In the final few verses of Exodus 15, the people arrive to a spot where water exists but it is bitter, undrinkable. So, they grumble. It’s what they do. Moses instead does what he learned to do and turns his attention to God for the solution. God provides one. It is clear for Moses at least, these victories became a very strong foundation for him that allowed him to be and remain in fellowship with God. For most of the Israelites, this was simply not the case.
Here in Exodus 16, with the Red Sea crossing and God (through Moses), turning the bitter water into drinkable water immediately in their memories, the Israelites now arrive to another place, which turns out to be a desert, the Desert of Sin (Exodus 16:1). Guess what? The people grumbled because they were hungry.
The entire company of Israelites murmured against Moses and Aaron in the desert. The Israelites said to them, “If only we had died by the hand of the Lord in the land of Egypt, when we sat by the pots of meat, when we ate bread to the full, for you have brought us out into this desert to kill this whole assembly with hunger!” (Exodus 16:2-3)
It’s as though God cannot catch a break with these people! Are you like that? Am I like that? If so, shame on us!
It would seem as though complaining is in their blood. Wouldn’t it have been nice to see at least once where leaders of the Israelites simply came to Moses and asked, “Moses, we are hungry. How is the Lord going to provide for us as we believe He will?”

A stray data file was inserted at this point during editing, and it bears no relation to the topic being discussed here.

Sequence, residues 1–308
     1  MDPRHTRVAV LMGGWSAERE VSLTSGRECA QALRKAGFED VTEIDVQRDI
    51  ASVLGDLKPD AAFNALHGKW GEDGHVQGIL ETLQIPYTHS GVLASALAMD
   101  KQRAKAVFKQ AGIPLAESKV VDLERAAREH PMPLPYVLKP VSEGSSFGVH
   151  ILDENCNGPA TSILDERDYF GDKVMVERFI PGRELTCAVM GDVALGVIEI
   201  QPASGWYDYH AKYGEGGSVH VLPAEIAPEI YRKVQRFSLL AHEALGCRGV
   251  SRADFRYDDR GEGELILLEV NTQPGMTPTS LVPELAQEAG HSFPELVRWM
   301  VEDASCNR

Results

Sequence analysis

Wow, can you imagine it? Instead, it’s one complaint after another as though God had never done anything to help them. There is no indication that Moses doubted as the Israelites doubted. The next verses tell us of God’s plan to provide.
Then the Lord said to Moses, “I am going to rain bread from heaven for you, and the people will go out and gather the amount for each day, so that I may test them. Will they walk in my law or not? On the sixth day they will prepare what they bring in, and it will be twice as much as they gather every other day.” (Exodus 16:4-5)
God is so patient! He puts up with the grumbling, the complaining, the remonstrating of those He has called to make a great nation. He continues to provide. Of course, the people who complained are completely out of fellowship with God. Their rebelliousness kept them out of fellowship. Moses, on the other hand, trusted the Lord. There is no indication here that he faltered. He continued to trust in spite of the anger and rebelliousness of the people around him. He looked to God for the answer and the answer came. As he continued to trust, he kept himself from sinning. This allowed him to be and remain in fellowship with God.
It is the same with us. Life has its ups and downs. Our job – if you will – is to be and remain in fellowship with God. Clearly, from looking at Moses’ life, we understand that trusting God for His provision even when we cannot see what it is going to be is extremely important in ensuring that fellowship is ours.